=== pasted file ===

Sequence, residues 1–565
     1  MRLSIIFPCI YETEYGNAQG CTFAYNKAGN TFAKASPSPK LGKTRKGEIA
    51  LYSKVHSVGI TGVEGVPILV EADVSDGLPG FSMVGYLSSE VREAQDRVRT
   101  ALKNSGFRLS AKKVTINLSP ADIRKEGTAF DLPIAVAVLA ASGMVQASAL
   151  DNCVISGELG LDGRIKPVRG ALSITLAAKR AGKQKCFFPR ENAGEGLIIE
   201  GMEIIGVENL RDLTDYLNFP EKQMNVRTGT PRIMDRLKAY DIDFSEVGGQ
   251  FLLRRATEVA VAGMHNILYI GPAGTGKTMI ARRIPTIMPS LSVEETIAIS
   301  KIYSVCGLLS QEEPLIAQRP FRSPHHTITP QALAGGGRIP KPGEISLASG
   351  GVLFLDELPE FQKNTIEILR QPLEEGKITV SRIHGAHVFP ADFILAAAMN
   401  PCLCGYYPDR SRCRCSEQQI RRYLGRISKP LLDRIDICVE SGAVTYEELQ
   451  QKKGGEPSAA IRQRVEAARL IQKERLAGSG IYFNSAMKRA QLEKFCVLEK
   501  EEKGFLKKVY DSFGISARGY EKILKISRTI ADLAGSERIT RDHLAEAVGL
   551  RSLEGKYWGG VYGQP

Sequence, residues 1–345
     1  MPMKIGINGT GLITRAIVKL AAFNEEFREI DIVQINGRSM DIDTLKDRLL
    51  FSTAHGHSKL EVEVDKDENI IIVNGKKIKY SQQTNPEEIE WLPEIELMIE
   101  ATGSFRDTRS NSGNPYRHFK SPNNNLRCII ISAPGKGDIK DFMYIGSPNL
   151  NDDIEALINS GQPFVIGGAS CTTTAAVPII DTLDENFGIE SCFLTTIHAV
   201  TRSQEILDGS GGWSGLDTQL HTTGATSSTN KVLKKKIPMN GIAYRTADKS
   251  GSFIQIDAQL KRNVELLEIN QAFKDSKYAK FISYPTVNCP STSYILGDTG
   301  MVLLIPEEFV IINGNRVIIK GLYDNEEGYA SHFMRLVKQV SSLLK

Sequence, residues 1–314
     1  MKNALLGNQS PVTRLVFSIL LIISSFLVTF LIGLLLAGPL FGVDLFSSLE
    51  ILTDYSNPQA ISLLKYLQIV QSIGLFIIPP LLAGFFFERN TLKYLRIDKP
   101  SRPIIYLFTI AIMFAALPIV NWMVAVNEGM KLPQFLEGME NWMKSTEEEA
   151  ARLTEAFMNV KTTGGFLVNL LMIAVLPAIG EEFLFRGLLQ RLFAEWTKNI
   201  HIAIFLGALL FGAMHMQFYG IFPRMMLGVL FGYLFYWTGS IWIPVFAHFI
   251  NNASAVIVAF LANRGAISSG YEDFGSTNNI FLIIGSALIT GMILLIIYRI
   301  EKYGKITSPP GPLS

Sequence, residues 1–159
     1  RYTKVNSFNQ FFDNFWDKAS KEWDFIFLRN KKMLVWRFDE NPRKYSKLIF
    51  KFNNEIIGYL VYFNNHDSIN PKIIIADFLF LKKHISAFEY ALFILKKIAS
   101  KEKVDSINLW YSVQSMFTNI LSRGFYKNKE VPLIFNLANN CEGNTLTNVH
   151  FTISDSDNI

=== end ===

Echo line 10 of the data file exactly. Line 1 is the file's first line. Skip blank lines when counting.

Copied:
   401  PCLCGYYPDR SRCRCSEQQI RRYLGRISKP LLDRIDICVE SGAVTYEELQ